An extinct species of lion ( Panthera atrox ), similar but larger than the extant African lion ( P. leo ), occupied open habitat in North America from California to South Carolina and Florida for over 300,000 years. The American lion evolved from the also extinct Eurasian cave lion ( P. spelea ) when the ice sheet that covered Canada isolated the 2 populations from each other. The 2 species never re-connected during interglacials because extensive spruce forests, an unfavorable habitat for lions, grew between them. Fossil evidence of large carnivores is relatively uncommon because their populations are smaller than those of their prey. But there are 2 fossil sites that preserved a considerable number of carnivores due to unusual circumstances, and scientists were able to collect enough lion specimens from them to study and compare the anatomy of the species as a whole. The 2 sites are Natural Trap Cave in Wyoming and the Rancho La Brea Tar Pits in California. Scientists estimated average body size and the results were astounding.
Hercules is the world’s largest cat. It is a 922 pound lion x tiger hybrid that lives at the Myrtle Beach Safari Preserve in South Carolina. It is smaller than the estimated size of the largest known fossil specimen of North American lion, an extinct species that formerly lived coast to coast.
The largest male Panthera atrox specimen came from an animal that was estimated to weigh 1007 pounds, though the average male weighed 544 pounds. The largest female American lion was estimated to weight 577 pounds, while the average was 390 pounds. By contrast the average extant African male lion weighs 392 pounds. This means the average female American lion was about the size of the average male African lion. The large difference in size between the sexes, known as sexual dimorphism, suggests American lions lived in social prides like their African cousins. An 1000 thousand pound lion would be too large and slow to hunt successfully enough to sustain its bulk, but instead relied on the smaller more agile females to secure all the bison, horses, and camels he required. A large pride could probably even take down a full grown mammoth.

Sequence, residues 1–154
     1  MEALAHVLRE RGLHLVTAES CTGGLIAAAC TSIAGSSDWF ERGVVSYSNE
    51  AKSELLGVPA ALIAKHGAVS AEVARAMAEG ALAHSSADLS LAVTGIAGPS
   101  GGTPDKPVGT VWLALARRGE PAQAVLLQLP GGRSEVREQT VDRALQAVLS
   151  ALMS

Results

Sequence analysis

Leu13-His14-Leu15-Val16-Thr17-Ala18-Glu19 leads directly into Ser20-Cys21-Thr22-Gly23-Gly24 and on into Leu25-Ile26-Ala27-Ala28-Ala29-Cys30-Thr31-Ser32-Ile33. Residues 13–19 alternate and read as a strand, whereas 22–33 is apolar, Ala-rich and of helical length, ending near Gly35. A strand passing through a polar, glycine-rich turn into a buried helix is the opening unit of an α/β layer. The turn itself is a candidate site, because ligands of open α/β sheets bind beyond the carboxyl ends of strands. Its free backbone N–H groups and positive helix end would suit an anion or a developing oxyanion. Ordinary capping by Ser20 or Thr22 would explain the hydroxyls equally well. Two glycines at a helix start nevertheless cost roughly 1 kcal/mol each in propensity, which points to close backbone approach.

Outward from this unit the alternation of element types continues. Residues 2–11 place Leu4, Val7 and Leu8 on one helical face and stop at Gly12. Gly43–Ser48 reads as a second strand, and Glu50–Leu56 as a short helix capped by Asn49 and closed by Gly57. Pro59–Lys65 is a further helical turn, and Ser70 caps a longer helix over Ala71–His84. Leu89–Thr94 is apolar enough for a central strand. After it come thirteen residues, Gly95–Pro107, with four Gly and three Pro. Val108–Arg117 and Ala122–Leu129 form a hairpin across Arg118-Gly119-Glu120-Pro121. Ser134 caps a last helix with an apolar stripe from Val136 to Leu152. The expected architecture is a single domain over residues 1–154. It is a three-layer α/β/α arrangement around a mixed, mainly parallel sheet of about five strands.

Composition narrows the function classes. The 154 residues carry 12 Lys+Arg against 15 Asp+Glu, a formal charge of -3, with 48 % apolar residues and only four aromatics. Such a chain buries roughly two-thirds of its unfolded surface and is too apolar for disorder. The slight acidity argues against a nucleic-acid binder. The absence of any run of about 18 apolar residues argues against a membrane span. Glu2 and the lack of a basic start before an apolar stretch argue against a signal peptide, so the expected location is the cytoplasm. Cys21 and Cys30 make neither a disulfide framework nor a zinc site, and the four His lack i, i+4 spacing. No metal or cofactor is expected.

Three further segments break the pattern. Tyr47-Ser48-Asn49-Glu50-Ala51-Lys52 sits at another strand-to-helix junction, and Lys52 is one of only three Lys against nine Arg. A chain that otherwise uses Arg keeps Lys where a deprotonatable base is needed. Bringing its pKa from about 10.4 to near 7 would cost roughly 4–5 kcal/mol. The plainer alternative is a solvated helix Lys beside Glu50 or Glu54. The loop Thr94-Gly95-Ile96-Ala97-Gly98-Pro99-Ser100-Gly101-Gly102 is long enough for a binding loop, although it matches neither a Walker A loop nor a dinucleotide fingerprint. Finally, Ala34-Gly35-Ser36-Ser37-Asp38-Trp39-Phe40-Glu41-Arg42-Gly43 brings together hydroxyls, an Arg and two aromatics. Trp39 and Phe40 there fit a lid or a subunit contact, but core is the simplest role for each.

The large size of the males helped them fend off other male lions that wished to usurp their mating rights and kill their offspring. The enormous powerful males could also aid in protecting the pride’s kills from competing carnivores such as bears, saber-tooth cats, and dire wolves. American lions had longer legs and bigger braincases than African lions, so they were faster runners and smarter as well. P. atrox really was a king of the beasts.
Wheeler, H.T; and G.T. Jefferson
“Panthera atrox: Body Proportions, Size, Sexual Dimorphism, and Behavior of the Cursorial Lion of the North American Plains.”
In Papers on Geology, Vertebrate Paleontology, and Biostratigraphy in Honor of Michael O. Woodburne edited by L.B. Albright III
Museum of Northern Arizona Bulletin 65